Golf course proposals
Assistant City Manager Clinton Bailey said they are going through Request for Qualifications for a lease proposal on the Lady Bird Johnson Golf Course.
“On Aug. 3, the city received six qualified operations who have submitted on the lease,” Bailey said. “We will be shortening the list and conducting interviews by the end of the month.”
The city voted last month to look into leasing the golf course to offset the course losses.
Upcoming city meetings
At 5:30 p.m. on Thursday, Aug. 10, at the Lady Bird Johnson Golf Course Cardinal Room, the city will hold a meeting with the Fort Martin Scott Advisory Board.
At 4 p.m. Monday, Aug. 14, the council will go into executive session to talk with legal counsel about the proposed hotel/conference center planned for the west end of Main Street to see what incentives, if any, they want to offer the developer. An additional budget session will take place after.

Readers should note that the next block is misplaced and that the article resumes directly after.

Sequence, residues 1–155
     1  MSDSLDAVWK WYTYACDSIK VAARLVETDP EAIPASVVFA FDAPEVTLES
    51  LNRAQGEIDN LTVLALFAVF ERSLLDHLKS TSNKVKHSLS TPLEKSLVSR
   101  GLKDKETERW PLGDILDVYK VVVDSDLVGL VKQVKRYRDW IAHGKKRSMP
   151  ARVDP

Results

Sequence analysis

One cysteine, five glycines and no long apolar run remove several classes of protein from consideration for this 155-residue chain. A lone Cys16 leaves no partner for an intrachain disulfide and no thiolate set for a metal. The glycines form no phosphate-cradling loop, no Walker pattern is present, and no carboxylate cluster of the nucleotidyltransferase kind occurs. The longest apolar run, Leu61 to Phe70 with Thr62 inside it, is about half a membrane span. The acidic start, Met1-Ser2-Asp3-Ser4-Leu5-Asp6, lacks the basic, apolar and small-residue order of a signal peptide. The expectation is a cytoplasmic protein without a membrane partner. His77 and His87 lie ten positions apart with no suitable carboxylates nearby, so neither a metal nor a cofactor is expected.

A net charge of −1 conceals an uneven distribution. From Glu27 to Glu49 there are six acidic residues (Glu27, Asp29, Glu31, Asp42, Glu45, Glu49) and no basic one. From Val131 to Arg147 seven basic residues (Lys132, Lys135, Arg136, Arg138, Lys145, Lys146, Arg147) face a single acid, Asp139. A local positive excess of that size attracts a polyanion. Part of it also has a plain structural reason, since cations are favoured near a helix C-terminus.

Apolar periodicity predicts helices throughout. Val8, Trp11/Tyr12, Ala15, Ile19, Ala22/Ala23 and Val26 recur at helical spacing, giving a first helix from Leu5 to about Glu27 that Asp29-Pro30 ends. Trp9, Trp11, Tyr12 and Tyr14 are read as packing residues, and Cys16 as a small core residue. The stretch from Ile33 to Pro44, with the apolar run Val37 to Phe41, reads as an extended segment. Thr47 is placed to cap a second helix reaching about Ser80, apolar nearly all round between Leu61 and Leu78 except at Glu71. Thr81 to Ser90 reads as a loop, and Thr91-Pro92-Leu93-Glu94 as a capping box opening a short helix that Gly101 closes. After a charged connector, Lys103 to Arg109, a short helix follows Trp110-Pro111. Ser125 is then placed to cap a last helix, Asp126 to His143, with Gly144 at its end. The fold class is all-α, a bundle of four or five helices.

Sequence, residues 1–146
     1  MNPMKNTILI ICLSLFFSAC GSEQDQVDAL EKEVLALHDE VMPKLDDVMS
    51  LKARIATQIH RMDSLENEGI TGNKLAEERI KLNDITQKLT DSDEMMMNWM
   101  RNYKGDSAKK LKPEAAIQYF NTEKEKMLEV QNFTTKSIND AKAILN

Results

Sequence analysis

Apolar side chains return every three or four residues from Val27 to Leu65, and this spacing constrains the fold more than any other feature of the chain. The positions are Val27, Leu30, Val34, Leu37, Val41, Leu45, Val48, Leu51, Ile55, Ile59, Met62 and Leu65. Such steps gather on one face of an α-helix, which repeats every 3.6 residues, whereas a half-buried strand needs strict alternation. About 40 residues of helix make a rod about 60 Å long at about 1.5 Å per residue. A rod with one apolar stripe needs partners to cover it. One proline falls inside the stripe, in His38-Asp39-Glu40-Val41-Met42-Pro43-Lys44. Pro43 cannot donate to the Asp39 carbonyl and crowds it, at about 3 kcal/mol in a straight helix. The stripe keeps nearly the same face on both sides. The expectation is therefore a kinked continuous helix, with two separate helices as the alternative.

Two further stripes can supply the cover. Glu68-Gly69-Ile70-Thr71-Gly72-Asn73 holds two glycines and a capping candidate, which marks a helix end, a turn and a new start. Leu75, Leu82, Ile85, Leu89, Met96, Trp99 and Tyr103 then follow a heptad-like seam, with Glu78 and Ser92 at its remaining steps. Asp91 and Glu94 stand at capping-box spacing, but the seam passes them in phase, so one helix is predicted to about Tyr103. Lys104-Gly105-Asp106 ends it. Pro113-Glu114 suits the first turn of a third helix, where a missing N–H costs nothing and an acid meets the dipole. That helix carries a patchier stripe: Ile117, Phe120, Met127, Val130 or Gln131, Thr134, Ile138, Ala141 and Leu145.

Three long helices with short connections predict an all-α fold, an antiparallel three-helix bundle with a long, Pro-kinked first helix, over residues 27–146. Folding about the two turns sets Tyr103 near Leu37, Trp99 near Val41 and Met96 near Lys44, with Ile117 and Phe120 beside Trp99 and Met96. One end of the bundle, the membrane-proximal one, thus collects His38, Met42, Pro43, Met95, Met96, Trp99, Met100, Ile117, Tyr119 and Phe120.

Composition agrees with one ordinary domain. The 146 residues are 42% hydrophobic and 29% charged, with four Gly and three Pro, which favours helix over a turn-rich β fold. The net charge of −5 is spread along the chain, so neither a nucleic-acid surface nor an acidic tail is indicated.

At 6 p.m. Wednesday, Aug. 30, a public hearing will be held at the Gillespie County Law Enforcement Center for the effective tax rate increase.
Special session update
City Manager Kent Myers said he’s been watching the state legislature and the bills he’s focused on include:
• Senate Bill 1, the revenue cap: Will not affect the city because language applies only to cities of $25 million annual M&O Property tax, where Fredericksburg is at $3 million.
• Senate Bill 18, which caps the amount of increase in the total budget: Wasn’t picked up by the senate and doesn’t plan to be.
• Senate Bill 6, deals with annexation control: Still has a chance to be revised, but may not pass. Myers said it only applies to cities of 500,000 or more.
Future agenda items
Items for discussion at the Aug. 21 meeting include the required budget hearing and the vote on the tax rate for next year.